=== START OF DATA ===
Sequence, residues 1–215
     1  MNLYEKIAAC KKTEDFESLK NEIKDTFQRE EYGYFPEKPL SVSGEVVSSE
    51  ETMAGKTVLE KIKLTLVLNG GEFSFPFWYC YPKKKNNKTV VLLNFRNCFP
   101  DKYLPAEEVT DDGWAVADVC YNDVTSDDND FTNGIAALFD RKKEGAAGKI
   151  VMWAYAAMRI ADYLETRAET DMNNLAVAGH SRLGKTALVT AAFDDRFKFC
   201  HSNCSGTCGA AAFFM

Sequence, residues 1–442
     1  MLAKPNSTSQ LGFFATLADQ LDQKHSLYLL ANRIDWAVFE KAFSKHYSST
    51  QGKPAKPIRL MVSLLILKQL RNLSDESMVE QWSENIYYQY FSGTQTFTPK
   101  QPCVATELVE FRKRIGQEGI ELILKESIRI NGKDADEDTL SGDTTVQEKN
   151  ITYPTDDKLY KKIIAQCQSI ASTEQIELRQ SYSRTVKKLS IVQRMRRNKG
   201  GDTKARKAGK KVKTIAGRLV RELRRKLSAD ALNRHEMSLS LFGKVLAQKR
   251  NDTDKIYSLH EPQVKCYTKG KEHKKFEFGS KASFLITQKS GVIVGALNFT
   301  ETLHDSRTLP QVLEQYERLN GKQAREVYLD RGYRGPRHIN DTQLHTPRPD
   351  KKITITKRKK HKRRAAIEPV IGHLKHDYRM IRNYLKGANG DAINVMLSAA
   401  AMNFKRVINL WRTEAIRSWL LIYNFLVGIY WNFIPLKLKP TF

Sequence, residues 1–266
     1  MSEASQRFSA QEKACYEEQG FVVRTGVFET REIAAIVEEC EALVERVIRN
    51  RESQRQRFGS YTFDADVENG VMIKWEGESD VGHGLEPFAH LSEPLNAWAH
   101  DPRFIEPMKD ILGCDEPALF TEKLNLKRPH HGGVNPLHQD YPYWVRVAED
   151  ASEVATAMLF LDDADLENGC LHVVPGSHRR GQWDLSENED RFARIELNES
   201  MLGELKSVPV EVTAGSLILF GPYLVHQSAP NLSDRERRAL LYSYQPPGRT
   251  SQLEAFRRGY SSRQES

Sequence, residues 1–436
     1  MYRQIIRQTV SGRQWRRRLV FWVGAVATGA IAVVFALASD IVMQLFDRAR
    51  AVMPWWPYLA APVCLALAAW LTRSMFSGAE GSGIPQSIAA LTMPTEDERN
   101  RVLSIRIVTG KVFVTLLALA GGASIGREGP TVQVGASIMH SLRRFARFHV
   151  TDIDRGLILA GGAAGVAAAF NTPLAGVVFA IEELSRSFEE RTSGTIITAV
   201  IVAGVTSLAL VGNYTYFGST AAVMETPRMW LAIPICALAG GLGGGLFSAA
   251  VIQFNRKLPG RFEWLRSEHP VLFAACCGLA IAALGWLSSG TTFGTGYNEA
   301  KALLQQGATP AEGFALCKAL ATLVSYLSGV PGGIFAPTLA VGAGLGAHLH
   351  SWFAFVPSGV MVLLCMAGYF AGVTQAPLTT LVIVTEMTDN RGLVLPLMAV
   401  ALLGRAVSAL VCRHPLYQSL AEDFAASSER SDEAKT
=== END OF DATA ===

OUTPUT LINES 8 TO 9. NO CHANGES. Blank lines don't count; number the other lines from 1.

     1  MLAKPNSTSQ LGFFATLADQ LDQKHSLYLL ANRIDWAVFE KAFSKHYSST
    51  QGKPAKPIRL MVSLLILKQL RNLSDESMVE QWSENIYYQY FSGTQTFTPK